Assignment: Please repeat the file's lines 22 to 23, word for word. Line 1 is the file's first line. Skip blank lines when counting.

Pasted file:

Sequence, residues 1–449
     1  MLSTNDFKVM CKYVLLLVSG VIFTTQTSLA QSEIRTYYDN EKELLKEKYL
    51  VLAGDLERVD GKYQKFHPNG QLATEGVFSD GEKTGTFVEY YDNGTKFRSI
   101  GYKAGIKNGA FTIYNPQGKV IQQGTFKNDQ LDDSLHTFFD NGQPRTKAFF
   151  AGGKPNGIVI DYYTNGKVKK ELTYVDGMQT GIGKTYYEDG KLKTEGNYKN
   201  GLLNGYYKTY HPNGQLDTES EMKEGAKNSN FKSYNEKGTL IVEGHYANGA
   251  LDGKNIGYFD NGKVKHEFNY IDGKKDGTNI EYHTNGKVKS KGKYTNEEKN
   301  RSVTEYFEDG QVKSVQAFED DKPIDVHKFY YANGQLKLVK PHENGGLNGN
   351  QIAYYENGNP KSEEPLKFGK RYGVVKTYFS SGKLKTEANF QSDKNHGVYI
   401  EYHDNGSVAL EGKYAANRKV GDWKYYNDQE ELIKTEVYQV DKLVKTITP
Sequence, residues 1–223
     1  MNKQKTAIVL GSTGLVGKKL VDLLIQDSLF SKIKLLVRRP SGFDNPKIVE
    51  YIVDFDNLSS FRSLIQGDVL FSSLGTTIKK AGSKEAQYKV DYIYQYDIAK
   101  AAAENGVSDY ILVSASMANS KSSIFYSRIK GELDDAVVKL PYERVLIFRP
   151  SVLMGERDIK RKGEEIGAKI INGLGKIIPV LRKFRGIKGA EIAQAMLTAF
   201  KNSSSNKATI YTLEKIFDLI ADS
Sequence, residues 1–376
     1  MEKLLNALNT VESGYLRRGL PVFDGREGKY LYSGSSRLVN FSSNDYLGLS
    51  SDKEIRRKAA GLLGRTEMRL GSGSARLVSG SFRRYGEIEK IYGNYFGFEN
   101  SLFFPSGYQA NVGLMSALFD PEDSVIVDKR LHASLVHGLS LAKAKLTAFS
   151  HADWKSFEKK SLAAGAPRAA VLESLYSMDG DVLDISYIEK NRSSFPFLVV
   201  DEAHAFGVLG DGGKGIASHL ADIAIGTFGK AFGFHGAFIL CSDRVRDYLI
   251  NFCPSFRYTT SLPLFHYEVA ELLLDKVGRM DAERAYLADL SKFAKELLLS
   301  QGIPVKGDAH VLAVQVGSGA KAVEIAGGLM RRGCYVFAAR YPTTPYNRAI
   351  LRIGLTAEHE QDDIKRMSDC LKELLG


   201  DEAHAFGVLG DGGKGIASHL ADIAIGTFGK AFGFHGAFIL CSDRVRDYLI
   251  NFCPSFRYTT SLPLFHYEVA ELLLDKVGRM DAERAYLADL SKFAKELLLS